As organizations develop their corporate strategies for the year, corporate real estate (CRE) teams need to make sure they can keep the lights on — quite literally — and continue to work on activities outside of their traditional remit, looking beyond cost and space reduction to find ways to support company strategy.
It’s important to consider the impact of CRE on fulfilling corporate goals rather than just tracking operational metrics
“Because business needs and technology capabilities are shifting rapidly, CRE is expected to deliver value faster than ever, says Douglas Shapiro, Senior Principal, Advisory, Gartner. “CRE teams must continue to implement strategies that are cost-efficient and that enhance the employee workplace experience.”
The following six steps will help.
Lay the groundwork
Heads of CRE teams must first define and set a vision for the function. To do this, be sure to avoid an insular view by engaging business partners early. Consider which activities no longer support the vision to free up resources to support new initiatives.
The CRE team should also collaborate with stakeholders, particularly the CFO, to set out a timeline for the strategic planning process and obtain commitment to the plan, which will be important to ensure funding of CRE initiatives.
Even the best-laid plans can be upended by short-term priorities, so teams will need to design plans that can be managed and tracked through the year.
Learn more:Five shifts corporate real estate must make for the future
Understand business goals
Heads of CRE should collaborate with C-level executives and other senior managers to understand how they can support long-term strategy. CRE can then assess external forces (economic, regulatory and technological factors) and how they will affect real estate priorities.
Managers of different corporate functions may not completely understand their real estate requirements, so CRE teams should look at the overall objectives and offer support, when possible. It is crucial to have confident customer relationship managers on the team to have constructive conversations around occupancy planning and space forecasting — both of which are critical to facilitating business goals.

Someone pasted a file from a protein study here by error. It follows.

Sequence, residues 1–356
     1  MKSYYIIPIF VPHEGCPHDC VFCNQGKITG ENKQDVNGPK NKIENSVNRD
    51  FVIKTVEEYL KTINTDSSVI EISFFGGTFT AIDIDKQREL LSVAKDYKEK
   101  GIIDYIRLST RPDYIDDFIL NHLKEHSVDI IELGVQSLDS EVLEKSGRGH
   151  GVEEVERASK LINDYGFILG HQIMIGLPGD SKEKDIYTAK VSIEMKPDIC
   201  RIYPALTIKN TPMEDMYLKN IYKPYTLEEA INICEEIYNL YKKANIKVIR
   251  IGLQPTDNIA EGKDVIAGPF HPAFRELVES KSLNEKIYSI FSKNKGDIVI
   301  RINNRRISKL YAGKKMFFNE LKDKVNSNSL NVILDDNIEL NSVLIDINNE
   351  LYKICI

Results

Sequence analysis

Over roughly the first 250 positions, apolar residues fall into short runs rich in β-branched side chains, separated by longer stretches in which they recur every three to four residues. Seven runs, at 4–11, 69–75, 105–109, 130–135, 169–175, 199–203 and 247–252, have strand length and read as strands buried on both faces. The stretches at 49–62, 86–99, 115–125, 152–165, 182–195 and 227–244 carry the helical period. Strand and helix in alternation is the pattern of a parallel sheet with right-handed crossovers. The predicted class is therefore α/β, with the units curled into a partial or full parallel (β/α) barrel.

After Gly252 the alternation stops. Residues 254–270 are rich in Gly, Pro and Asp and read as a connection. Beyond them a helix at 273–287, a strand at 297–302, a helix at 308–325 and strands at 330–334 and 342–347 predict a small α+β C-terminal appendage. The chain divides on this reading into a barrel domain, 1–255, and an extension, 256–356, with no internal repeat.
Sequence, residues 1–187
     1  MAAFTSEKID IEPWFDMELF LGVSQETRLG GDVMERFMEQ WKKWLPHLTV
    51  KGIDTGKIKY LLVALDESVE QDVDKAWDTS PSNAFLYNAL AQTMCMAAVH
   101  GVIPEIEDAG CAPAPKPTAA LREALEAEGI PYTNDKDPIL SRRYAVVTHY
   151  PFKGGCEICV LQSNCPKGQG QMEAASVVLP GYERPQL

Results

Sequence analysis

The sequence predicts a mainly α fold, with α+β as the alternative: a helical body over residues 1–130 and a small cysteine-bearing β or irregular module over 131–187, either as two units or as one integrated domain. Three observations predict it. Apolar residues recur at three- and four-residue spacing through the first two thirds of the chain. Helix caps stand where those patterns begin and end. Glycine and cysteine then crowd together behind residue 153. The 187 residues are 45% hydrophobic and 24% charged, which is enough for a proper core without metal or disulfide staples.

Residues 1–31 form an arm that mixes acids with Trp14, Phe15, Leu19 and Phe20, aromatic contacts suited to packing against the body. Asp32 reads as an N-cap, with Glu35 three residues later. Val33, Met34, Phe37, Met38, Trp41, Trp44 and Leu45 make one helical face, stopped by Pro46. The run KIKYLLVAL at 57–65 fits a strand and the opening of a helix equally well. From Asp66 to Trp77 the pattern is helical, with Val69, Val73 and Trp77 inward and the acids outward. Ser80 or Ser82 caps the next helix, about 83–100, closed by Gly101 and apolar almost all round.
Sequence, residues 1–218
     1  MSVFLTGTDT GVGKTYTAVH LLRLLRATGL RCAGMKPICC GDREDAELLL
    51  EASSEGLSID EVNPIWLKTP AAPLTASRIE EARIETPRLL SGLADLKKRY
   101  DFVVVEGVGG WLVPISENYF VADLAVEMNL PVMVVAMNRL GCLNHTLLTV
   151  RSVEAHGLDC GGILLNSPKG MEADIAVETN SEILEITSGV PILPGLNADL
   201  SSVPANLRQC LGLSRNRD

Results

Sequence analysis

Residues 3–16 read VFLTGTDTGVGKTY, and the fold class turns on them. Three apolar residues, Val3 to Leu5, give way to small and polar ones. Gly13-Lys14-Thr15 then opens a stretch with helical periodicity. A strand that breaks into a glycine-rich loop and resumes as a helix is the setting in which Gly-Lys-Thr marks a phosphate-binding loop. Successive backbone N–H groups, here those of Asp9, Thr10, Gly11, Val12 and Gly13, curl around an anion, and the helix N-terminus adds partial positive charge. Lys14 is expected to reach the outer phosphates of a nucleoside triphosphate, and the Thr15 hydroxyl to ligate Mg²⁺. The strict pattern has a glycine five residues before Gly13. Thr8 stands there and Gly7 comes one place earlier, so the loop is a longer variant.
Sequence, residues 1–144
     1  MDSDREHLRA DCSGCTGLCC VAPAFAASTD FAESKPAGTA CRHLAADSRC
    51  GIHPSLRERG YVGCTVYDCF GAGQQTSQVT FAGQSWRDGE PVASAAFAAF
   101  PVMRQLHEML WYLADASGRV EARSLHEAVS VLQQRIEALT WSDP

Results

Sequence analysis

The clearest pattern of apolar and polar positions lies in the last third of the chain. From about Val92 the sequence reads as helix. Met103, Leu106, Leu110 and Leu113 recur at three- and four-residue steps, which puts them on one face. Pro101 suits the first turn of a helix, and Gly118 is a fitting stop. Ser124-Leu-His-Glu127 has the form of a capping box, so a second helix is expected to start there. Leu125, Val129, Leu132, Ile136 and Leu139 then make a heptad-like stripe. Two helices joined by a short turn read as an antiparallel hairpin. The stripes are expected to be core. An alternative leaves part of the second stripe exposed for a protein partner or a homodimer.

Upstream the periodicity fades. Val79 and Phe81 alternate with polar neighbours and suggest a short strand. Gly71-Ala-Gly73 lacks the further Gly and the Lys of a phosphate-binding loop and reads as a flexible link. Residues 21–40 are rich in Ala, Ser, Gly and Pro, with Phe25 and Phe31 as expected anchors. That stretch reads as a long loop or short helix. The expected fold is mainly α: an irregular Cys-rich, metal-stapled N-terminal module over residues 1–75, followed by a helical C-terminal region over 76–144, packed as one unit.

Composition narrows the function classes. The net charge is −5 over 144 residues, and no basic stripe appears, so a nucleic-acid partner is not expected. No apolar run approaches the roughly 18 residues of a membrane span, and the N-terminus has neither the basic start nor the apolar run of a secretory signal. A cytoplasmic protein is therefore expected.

Identify improvement areas
Next, CRE leaders will need to evaluate the function’s current capabilities. Through self-assessment and business partner feedback, leaders can better understand the strengths and weaknesses of the team.
It’s important to consider the impact of CRE on fulfilling corporate goals rather than just tracking operational metrics. Don’t simply focus on hitting metrics.
Determine how to achieve real estate objectives
CRE leaders should leverage their knowledge of the team’s capabilities to translate business goals into functional objectives. Once CRE teams determine how to fulfill these goals, they then need to identify metrics to measure progress, determine the resources required and assess the risks that could affect their plan.
Ultimately, the end goal is for CRE to obtain a prioritized list of strategic initiatives that also includes metrics to measure them.
Communicate your plan to stakeholders
To drive alignment and commitment across the function, the strategic plan must be communicated to different stakeholder groups. Build a dashboard that connects portfolio and workplace performance with business outcomes. Dashboards should contain compelling metrics for the target internal audiences to support the value proposition of CRE teams.
With input from senior leadership, the plan can then be delivered to business-unit leaders, the function’s leadership team and then to all staff. It’s key to deliver a consistent message across the organization to ensure that employees don’t receive conflicting information.
Learn more:Focus on the right corporate real estate activities
Monitor your progress
Once the plan is implemented, employees have to measure progress against defined objectives. Periodically reassess guideline relevance to ensure changes in CRE strategy and local needs are reflected. Reevaluate the asset management task list to add or eliminate tasks. This is a crucial step to reassure business partners who are typically risk-averse and could hinder the execution of the entire strategy.